Renowned Reedists Geof Bradfield and Ben Goldberg Join Forces With Celebrated Percussionist Dana Hall on New Release General Semantics
To be released September 18, 2020 on Delmark Records
Delmark Records is proud to announce the September 18th release General Semantics, a collaboration between the renowned reedists and composers Geof Bradfield and Ben Goldberg along with percussionist Dana Hall. This release marks the debut of this exciting trio with a unique instrumentation, the confluence of reed instruments with percussion. A masterwork of rhythmic and melodic intrigue, General Semantics features original music by the trio as well as unique interpretations of Duke Ellington, Cecil Taylor, and Hermeto Pascoal classics. Bradfield is featured on soprano and tenor saxophone, and bass clarinet, Ben Goldberg on clarinet and contra alto clarinet and Dana Hall is featured on percussion.
Recorded in Fall 2018, General Semantics is a stunning document of an adventurous musical outing from three world-class musicians. The fresh vitality that emanates from each track of this ambitious outing stems partially from the fact that Bradfield and Goldberg had not played together until the week of this album’s recording. “Ben is incredibly prolific and has such a voice, I’ve admired his writing for years,” Bradfield notes. The concept for this trio was born in 2017 on a chance encounter between the three musicians at the Hyde Park Jazz Festival in Chicago. “The music came together easily as we discovered our common vocabulary and musical intentions.” Goldberg notes, “For me it was a thrill to be drawn a little more deeply into the astonishing musical culture of Chicago, by two of its more wide-ranging and active instigators.” The longevity of the relationship of Bradfield and Hall, who have played together for 20+ years, is apparent when one notes the incomparable synergy and cohesiveness displayed on this release.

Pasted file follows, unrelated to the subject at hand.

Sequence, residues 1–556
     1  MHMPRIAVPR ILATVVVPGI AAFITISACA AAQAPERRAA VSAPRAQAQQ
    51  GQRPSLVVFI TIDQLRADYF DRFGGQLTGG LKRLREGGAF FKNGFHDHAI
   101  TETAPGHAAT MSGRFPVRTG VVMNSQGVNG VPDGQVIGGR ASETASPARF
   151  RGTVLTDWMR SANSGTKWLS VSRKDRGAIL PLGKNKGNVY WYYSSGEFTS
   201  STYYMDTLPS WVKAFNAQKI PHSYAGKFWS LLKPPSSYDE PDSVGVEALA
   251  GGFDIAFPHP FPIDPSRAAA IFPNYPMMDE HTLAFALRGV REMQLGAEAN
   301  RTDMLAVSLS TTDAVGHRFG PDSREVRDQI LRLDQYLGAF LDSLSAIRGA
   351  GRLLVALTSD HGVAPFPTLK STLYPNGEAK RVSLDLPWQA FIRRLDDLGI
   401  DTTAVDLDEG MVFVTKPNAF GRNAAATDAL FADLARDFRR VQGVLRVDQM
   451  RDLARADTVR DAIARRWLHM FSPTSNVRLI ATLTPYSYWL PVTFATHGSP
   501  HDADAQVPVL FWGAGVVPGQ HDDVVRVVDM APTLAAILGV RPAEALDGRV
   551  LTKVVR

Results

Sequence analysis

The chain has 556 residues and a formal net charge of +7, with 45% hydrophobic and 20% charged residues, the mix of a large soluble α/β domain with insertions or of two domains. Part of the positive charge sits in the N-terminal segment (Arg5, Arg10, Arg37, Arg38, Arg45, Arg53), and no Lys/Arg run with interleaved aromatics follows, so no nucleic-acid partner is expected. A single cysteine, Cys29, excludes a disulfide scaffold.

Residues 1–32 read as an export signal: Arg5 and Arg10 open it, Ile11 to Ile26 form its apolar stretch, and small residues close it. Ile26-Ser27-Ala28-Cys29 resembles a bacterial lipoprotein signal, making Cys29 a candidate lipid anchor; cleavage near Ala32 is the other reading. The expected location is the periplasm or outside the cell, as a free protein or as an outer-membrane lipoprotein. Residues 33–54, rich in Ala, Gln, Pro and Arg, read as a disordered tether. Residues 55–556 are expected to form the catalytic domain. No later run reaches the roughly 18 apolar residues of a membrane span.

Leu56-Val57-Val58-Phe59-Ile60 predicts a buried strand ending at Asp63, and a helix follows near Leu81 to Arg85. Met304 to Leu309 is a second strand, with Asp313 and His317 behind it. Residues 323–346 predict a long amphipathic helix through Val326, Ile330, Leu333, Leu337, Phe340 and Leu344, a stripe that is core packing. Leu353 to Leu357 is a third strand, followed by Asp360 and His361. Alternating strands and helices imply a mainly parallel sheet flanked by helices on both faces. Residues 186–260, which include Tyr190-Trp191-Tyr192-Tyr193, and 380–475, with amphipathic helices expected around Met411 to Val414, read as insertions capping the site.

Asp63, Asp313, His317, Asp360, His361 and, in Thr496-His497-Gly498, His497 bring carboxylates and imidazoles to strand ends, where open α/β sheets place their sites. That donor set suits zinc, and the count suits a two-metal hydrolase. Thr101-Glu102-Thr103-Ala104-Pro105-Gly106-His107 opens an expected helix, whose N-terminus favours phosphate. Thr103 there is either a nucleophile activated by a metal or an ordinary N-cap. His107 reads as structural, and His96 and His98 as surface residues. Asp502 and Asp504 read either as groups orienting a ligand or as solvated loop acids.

Regarding the pared-down nature of the ensemble, Bradfield remarks: “…the unusual instrumentation, especially the lack of a bassist, enables the musicians to transcend traditional instrument roles of accompaniment, improvisation, and interaction and create music that embraces form and harmony alongside freedom and spontaneous improvisation.” The organic interplay between the three players in this group allows for the beautiful impromptu fluctuation between collective improvisation and singular melodic invention with sensitive support from the others.
The album begins with the group’s take on Cecil Taylor’s “Air”. Composed in the 1960’s, this rendition is based on a version from Steve Lacy’s 1961 album The Straight Horn of Steve Lacy. Goldberg studied briefly with Lacy, and he’s had a huge influence on both horn players. This take begins with a ceremonious fill by Hall followed by an intense, brooding melody and contrapuntal improvisation between Bradfield and Goldberg, filling the sonic range with first-rate melodic invention.
Goldberg’s playful composition “Hit Flip Switch” features soprano saxophone paired with soprano clarinet. The piece perfectly exemplifies the feeling of joy that pervades New Orleans Jazz. Bradfield notes “I love the vibe that we got on the live performance recording. The house was packed, people were sitting right on top of us… that memory is especially poignant right now in the time of COVID.” The same instrumentation is employed on Bradfield’s arrangement of Hermeto Pascoal’s “8 de Agosto”. A contrapuntal melody leads to a collective improvisation that demonstrates the players’ stunning improvisational facility. Bradfield and Goldberg play simultaneous melodic lines that weave together like the cogs of a finely-tuned machine. Bradfield explains that Hermeto Pascoal “wrote a song every day for a year so that everyone would have a song for their birthday,” as he notes that August 8th is Ben’s birthday, fittingly enough.
“Half the Fun” begins with a fantastic contra-alto clarinet solo before moving towards a driving ostinato while Bradfield explores the melody. Bradfield’s arrangement is a reduction of an Ellington Big Band recording and it conjures the feel and density of the original with a fraction of the instrumentation. The release concludes with “Under and Over”, beginning with Bradfield’s fervent melodic refrains accompanied by Hall’s rhythmic musings. The ensemble falls into a supple groove, with Goldberg taking the lead on a blues-tinged melody.